______________________________________Paste Formula Total NV Pig Bind %Component Wt Wt Wt Wt % PS Total______________________________________Grind Resin 198.3 119.0 -- 119.0 -- 19.83Acetic Acid 11.1 -- -- -- -- 1.11Defoamer 7.0 -- -- -- -- 0.70(Tristar 27)Carbon Black 12.6 12.6 12.6 -- 3.0 1.261.26Low Silicate 14.7 14.7 14.7 -- 3.5 1.47(Basic WhiteLow)Clay Extender 63.0 63.0 63.0 -- 15.0 6.30Titanium 329.7 329.7 329.7 -- 78.5 32.97DioxideDibutylin Oxide 21.0 21.0 -- 21.0 -- 2.10(Fine Ground)Dl Water 342.6 -- -- -- -- 34.26Totals 1000.0 560.0 420.0 140.0 (100.0) (100.0)______________________________________ Formulated For: 56.0% N.V. Before Reduction Grind Resin Parameters 60.0% N.V.; 489 AEW Neutralization 75.0%
The grinding temperature was maintained in the range of 32° C.-46° C. All of the pastes ground to 8-10 μm in three passes through a vertical sand mill.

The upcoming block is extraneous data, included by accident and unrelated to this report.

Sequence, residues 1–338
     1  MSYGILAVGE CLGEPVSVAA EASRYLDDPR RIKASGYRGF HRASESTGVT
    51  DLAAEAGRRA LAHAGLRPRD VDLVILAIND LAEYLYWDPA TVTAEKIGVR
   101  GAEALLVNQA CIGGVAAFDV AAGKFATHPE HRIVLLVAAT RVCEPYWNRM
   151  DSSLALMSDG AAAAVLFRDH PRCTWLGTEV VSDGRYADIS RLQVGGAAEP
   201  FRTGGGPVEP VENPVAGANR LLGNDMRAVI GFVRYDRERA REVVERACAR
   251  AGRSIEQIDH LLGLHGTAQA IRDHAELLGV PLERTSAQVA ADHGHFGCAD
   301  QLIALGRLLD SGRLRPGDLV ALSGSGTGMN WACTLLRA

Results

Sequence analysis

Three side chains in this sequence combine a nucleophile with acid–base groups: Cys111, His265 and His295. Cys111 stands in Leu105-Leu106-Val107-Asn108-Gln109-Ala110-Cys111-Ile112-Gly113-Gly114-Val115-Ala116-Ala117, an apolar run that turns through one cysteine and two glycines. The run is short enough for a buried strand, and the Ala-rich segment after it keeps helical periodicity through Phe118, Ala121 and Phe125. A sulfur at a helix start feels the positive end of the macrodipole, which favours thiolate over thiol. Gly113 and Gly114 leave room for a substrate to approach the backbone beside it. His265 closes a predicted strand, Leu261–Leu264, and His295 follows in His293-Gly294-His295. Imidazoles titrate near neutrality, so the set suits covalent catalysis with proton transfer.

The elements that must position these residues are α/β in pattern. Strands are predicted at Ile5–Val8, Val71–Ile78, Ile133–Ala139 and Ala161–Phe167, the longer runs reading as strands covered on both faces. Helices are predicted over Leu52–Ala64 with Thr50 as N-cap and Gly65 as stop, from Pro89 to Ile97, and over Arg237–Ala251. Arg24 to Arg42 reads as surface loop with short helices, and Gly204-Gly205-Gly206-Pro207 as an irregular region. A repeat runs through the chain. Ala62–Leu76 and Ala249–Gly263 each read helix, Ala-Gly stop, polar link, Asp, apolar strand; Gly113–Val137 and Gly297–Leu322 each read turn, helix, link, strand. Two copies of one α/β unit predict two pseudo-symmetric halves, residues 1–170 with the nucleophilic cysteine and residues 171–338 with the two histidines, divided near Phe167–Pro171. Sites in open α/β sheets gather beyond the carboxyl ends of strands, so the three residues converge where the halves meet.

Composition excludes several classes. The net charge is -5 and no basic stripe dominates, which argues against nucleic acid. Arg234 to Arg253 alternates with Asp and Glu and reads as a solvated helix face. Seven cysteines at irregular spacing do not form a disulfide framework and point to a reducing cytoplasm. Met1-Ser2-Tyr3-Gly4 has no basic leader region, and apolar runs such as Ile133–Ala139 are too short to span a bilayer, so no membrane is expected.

Xylene was added to clean dry reactor. The mixing liquid was blanketed with pure N2 and heated to 42° C.
Solid epoxy (characteristics and weight in Table below) was added at such a rate that the batch temperature never drops below 60° C., over a period of approximately two hours. Heating was continued until 100° C.
______________________________________Characteristics and Weight of IngredientsWeight Ingredient______________________________________81.1 Xylene33.9 Xylene568.1 EPON ® 1001 (EEW = 530 +- 10)75.9 Dodecyl phenol1.1 BDMA42.1 Ethylene glycol Monobutyl ether74.7 Xylene42.6 DEOA40.6 Ethylene glycol monohexyl ether107.7 Isobutanol13.3 DAMPA1000.0 Total Weight Principal Resin 70% N.V.______________________________________
At this point, the dodecyl phenol was added and then heated to 118° C. Vacuum drying by distillation of heating to 125° C. The pressure should be between 66 cm and 69 cm of Hg (88 kp-92 kp). The drying stage should take about one hour. Break vacuum with pure nitrogen only. The batch was cooled to 115° C. The sample at this point was % nonvolatiles (% N.V.)=95.0±0.5.